Slingshot: A Former Black Panther's Return to Sasscer Park in Santa Ana on Juneteenth
Updated: Jun 23
Lynem: From panther to pastor / Photo by Steady Jenny
Fifty-one years ago, Daniel Michael Lynem sported an afro and a horseshoe mustache, exuding a certain youthful swagger while leading the Santa Ana branch of the Black Panther Party. The "Huey P" of OC, he supervised a small group that monitored the streets in Black neighborhoods to ensure police behaved and organized a breakfast program for children.
The branch's mere existence drew the interest of the FBI and local law enforcement. Then, the party suddenly ended on the night of June 4, 1969 when a gunshot rang out in Southwest Santa Ana. Nelson Sasscer, a Santa Ana policeman, had been shot to death near the intersection of Third and Raitt streets.
The police quickly laid responsibility for the slaying on the party and its leader.
Harlen Lambert and Tom Parrott, the only two Black policemen on Santa Ana's force, arrived to the Lynem family home the following morning. Lynem decided against putting up a fight and got hauled away in handcuffs. Black and Brown youth rioted in Santa Ana following the police department's otherwise heavy-handed response to the murder in the Black community.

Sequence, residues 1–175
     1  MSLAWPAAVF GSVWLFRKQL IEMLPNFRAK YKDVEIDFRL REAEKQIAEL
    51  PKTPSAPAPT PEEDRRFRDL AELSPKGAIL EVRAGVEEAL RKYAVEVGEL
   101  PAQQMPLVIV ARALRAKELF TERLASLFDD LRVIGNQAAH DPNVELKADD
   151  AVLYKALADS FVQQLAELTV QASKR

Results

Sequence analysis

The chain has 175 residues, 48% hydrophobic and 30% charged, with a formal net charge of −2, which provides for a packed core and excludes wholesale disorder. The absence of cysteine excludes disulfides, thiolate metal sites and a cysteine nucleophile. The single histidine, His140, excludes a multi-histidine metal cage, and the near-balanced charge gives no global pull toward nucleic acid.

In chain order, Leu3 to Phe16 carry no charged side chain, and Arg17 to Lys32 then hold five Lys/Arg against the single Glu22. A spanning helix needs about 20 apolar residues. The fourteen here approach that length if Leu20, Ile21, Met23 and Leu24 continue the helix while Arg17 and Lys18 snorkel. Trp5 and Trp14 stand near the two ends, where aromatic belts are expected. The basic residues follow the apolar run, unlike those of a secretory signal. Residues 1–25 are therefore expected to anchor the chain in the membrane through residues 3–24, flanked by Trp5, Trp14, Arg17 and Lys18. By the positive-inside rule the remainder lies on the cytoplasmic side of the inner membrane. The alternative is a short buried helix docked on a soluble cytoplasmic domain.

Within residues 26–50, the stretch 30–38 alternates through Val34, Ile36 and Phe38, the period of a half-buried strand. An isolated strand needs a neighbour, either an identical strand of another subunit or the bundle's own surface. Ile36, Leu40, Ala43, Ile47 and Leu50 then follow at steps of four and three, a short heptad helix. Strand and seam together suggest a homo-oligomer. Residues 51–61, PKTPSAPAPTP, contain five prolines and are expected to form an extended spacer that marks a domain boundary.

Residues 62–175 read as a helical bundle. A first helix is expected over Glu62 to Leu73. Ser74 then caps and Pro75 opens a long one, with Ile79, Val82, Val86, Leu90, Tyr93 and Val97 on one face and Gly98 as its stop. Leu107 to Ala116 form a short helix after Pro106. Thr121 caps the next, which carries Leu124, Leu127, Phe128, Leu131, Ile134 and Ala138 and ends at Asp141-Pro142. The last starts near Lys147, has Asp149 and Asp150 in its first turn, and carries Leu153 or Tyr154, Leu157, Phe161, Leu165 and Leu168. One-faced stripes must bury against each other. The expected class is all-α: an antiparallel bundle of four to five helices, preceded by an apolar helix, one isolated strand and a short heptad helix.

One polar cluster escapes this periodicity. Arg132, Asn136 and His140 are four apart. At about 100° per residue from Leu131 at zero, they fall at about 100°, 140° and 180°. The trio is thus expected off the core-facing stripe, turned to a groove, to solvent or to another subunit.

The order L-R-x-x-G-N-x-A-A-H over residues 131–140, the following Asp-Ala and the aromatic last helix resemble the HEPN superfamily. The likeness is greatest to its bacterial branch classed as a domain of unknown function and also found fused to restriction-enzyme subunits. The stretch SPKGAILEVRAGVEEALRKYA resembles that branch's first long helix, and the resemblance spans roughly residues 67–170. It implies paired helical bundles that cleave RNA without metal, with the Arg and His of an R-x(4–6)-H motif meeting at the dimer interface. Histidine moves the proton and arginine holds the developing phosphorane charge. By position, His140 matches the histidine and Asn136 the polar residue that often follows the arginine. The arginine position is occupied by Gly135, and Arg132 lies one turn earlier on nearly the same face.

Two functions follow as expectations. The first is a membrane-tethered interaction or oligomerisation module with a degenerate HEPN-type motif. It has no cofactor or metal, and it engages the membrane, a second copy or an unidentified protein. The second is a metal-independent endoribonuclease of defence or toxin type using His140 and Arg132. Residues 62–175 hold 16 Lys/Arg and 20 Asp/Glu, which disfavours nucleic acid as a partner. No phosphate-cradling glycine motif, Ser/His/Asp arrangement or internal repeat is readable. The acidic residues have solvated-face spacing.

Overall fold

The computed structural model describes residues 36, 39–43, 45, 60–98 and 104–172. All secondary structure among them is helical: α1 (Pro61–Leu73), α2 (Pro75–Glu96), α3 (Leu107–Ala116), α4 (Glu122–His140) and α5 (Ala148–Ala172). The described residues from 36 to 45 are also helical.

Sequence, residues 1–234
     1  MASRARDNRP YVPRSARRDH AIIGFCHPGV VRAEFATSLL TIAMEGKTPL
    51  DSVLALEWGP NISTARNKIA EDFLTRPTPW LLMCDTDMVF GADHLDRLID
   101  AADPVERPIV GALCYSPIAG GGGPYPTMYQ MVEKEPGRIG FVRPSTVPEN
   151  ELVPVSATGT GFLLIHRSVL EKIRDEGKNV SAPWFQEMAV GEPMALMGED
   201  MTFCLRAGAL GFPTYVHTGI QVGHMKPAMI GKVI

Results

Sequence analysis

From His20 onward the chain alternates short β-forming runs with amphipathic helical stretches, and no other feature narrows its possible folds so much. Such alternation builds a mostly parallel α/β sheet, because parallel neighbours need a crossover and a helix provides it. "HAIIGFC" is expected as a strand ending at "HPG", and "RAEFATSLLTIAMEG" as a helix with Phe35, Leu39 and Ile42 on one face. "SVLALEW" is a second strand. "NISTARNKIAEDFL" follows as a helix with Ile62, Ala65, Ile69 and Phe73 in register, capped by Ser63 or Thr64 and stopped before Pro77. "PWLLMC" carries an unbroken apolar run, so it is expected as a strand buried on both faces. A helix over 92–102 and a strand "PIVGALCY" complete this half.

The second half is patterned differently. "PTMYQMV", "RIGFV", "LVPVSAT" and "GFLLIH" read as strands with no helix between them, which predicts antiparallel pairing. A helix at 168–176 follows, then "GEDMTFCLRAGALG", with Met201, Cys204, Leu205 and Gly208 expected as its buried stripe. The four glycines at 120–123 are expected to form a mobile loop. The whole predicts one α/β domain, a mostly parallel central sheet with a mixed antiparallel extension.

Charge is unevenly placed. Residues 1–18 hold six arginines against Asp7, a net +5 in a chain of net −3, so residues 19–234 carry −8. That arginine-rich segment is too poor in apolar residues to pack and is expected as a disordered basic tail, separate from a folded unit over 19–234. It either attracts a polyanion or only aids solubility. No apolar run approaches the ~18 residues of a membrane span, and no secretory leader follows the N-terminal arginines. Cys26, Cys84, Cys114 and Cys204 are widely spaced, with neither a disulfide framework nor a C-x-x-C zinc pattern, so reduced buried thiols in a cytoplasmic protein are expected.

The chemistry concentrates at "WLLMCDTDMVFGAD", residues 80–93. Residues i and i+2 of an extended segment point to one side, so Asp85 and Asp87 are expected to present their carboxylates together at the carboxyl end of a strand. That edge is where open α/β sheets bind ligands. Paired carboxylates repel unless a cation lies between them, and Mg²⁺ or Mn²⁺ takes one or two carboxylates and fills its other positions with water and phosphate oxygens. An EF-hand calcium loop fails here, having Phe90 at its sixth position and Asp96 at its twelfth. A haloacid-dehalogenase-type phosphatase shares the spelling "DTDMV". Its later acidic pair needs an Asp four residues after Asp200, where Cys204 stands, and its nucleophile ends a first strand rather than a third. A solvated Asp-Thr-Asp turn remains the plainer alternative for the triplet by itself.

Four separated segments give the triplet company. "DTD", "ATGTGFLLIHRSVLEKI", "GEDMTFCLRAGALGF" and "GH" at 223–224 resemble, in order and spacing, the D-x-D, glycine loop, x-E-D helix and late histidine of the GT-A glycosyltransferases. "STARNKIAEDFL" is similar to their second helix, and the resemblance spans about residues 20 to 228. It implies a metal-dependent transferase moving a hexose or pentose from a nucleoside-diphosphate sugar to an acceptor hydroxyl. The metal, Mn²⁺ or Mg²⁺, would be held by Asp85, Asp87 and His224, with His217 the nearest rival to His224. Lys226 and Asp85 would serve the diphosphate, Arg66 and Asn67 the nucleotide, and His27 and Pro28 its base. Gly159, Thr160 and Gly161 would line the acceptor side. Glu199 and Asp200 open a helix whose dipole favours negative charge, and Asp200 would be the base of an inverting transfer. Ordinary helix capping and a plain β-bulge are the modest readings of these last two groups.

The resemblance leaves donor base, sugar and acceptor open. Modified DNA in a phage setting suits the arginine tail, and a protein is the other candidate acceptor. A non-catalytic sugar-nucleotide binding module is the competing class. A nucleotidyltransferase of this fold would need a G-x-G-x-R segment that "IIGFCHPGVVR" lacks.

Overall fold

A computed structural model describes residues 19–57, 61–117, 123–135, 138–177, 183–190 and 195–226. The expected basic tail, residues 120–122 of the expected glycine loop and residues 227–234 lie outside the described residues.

A month later, on Independence Day, the front page of the Santa Ana Register delivered the news that Lynem had been freed and was no longer a suspect in the Sasscer murder. But a dubious trial continued against fellow panther Arthur League; a jury convicted him of second-degree murder.
Lynem, now in his early 70's, brought that history with him to the steps of Sasscer Park in downtown Santa Ana on Juneteenth to address a Black Lives Matter march and rally organized by the Black OC. In the decade since Gustavo Arellano and I published an OC Weekly cover story revisiting the city's tumultuous past, activists have dubbed the grounds "Black Panther Park."
"I have mixed feelings about it because I don't regret my days as a Black Panther," said Lynem about the nickname in a story I wrote a year ago. "But at the same time, as a Christian, knowing that man lost his life is not something I can rejoice in. That grieves me."
Lynem, indeed, arrived to the park a changed man in many regards but being Black in America remained a constant in his journey from panther to pastor. And, if anything, things are only getting worse in this nation.